area. The victim indicated that her assailant's penis was not erect and no penetration occurred.

In the meantime, a police officer from the Somerdale police department responded to the victim's home at about 11:41 p.m. and was met by a neighbor. The officer observed the broken door on the right side of the house and heard a woman's voice saying "please don't, please don't." The officer radioed for assistance and a sergeant arrived and entered the house through the broken side door.

Despite the dim lighting, the sergeant observed two individuals sitting in a chair. The officer described Adams as being in a "pumping position." He walked towards them with a flashlight in one hand and a gun in the other. When the sergeant was about eight feet from them, he turned his flashlight on Adams. He saw the victim and Adams in the chair, and said "police, freeze or I'll shoot." When the flashlight was upon the man the sergeant recognized it was Keith Adams from previous encounters. Adams then lifted the victim and turned her towards the policeman who observed that Adams was naked. After moving one step to the left, Adams then dove through a window.

The other police officer who had remained outside heard the breaking glass and saw a figure running to the back of the house. The officer pursued the man who he described as a tall, well-built, unclothed black man; he was not able to see his face. The pursuit ended when the officer was unable to jump over a fence which Adams had vaulted.

After the incident the victim would not go to the hospital, although she testified that as a result of the episode her shoulders caused her pain.*fn4 Adams was subsequently arrested

at his sister's home and it was observed that his socks were wet on the bottom, and that there were scratch marks on his body. He was taken to John F. Kennedy Hospital and his clothing was forensically examined. The boxer shorts which he was wearing at the time of the arrest had a blood spot which proved to be of human origin. His socks revealed the presence of hair from a Caucasian individual and when compared with the hair of the victim matched 10 out of 27 characteristics. A window shade obtained at the victim's home also tested positively for human blood. A pair of light blue boxer shorts was found at the scene of the incident. At the trial Adams presented an alibi defense and testified that he and a friend had been drinking that night at his sister's home.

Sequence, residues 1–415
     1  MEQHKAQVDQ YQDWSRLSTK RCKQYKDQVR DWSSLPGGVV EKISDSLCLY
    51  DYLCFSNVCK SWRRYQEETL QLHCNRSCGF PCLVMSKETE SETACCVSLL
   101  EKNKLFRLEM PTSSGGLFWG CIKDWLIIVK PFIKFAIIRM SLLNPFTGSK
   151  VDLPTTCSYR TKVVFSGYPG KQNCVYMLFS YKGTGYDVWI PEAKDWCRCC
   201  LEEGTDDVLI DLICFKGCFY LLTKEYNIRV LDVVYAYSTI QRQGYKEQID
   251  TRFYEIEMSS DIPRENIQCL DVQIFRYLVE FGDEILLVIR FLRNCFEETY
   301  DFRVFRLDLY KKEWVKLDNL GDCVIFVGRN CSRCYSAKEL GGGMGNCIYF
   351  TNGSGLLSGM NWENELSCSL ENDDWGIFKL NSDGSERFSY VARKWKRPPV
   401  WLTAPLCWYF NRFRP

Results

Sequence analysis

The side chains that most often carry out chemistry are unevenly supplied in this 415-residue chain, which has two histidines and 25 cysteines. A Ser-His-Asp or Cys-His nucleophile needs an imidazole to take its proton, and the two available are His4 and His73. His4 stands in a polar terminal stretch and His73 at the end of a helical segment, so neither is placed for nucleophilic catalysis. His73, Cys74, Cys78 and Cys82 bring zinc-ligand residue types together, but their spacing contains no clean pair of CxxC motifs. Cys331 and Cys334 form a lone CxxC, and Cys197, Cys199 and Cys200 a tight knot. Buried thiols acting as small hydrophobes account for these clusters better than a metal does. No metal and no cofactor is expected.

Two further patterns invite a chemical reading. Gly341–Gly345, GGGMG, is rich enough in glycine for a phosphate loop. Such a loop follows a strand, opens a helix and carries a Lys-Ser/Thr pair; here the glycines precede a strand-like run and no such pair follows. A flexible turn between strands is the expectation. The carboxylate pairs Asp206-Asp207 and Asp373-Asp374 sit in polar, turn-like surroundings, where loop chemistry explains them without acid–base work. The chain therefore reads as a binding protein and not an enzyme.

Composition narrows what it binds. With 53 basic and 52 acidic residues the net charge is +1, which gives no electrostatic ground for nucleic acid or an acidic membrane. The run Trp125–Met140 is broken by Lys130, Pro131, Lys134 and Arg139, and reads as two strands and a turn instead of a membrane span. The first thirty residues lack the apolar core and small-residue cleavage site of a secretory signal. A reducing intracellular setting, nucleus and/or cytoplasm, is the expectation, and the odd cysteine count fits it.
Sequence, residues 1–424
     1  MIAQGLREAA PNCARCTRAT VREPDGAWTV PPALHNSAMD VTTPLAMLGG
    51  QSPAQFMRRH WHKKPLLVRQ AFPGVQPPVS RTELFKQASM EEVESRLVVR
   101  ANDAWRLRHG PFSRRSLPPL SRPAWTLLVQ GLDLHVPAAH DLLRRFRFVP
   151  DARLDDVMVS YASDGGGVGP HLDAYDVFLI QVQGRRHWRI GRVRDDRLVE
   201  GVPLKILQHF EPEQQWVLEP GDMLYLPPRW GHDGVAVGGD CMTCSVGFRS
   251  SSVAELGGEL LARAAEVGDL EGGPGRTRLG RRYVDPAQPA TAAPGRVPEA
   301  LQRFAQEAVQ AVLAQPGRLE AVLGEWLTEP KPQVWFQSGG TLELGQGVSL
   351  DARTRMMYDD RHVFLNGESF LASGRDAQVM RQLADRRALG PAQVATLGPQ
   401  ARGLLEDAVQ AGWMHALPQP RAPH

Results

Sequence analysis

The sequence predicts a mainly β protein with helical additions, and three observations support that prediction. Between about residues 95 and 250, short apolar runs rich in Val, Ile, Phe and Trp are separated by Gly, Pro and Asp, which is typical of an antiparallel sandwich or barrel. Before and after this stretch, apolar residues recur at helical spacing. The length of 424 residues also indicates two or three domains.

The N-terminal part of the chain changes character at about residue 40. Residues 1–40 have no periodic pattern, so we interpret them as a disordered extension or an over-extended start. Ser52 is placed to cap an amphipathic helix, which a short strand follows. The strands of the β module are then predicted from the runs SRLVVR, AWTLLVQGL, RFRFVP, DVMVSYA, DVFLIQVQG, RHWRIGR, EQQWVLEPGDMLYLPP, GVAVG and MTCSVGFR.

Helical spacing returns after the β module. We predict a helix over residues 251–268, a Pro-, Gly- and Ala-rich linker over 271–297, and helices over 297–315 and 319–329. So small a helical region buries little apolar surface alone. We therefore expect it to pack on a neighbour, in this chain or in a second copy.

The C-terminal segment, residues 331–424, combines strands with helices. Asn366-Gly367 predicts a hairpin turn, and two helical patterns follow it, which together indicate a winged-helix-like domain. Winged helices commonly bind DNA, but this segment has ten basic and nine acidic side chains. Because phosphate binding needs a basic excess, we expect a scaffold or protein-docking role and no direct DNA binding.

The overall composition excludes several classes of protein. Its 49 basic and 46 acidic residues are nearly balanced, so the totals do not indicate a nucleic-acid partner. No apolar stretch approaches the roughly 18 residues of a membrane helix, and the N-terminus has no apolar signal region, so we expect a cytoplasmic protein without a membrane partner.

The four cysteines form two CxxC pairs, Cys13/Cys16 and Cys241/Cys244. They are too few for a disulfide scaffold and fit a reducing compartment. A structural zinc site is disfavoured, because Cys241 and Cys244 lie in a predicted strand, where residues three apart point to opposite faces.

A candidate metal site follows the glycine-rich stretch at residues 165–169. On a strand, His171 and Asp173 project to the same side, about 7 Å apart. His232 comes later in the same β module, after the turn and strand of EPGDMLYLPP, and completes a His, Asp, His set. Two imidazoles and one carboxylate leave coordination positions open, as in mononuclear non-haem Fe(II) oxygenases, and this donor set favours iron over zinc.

Adams offered various explanations for the cuts and scratches found on his body at the time of his arrest. He explained that he received the scratches on his arms, back and knee when he climbed through a window after his sister's daughter locked him out. Adams also said that he scratched his shins tripping on the steps and that the injuries to his forearm came from climbing a tree on which there was a Clorox bottle with wires protruding. The cut on his wrist was assertedly received from a tin can while taking out the trash.

Adams argues that the judge erred in refusing to merge his convictions for second degree burglary and fourth degree criminal sexual contact into his conviction for attempted aggravated sexual assault, essentially relying on State v. Ramos, 217 N.J. Super. 530 (App.Div.1987). The State argues against merger and takes the position that Ramos was wrongly decided on the merger issue. Moreover, it opposes Adams' application on the procedural grounds that he is barred from seeking post-conviction relief under R. 3:22-4 because the issue could

have been raised on his direct appeal, and under R. 3:22-12 because an illegal ...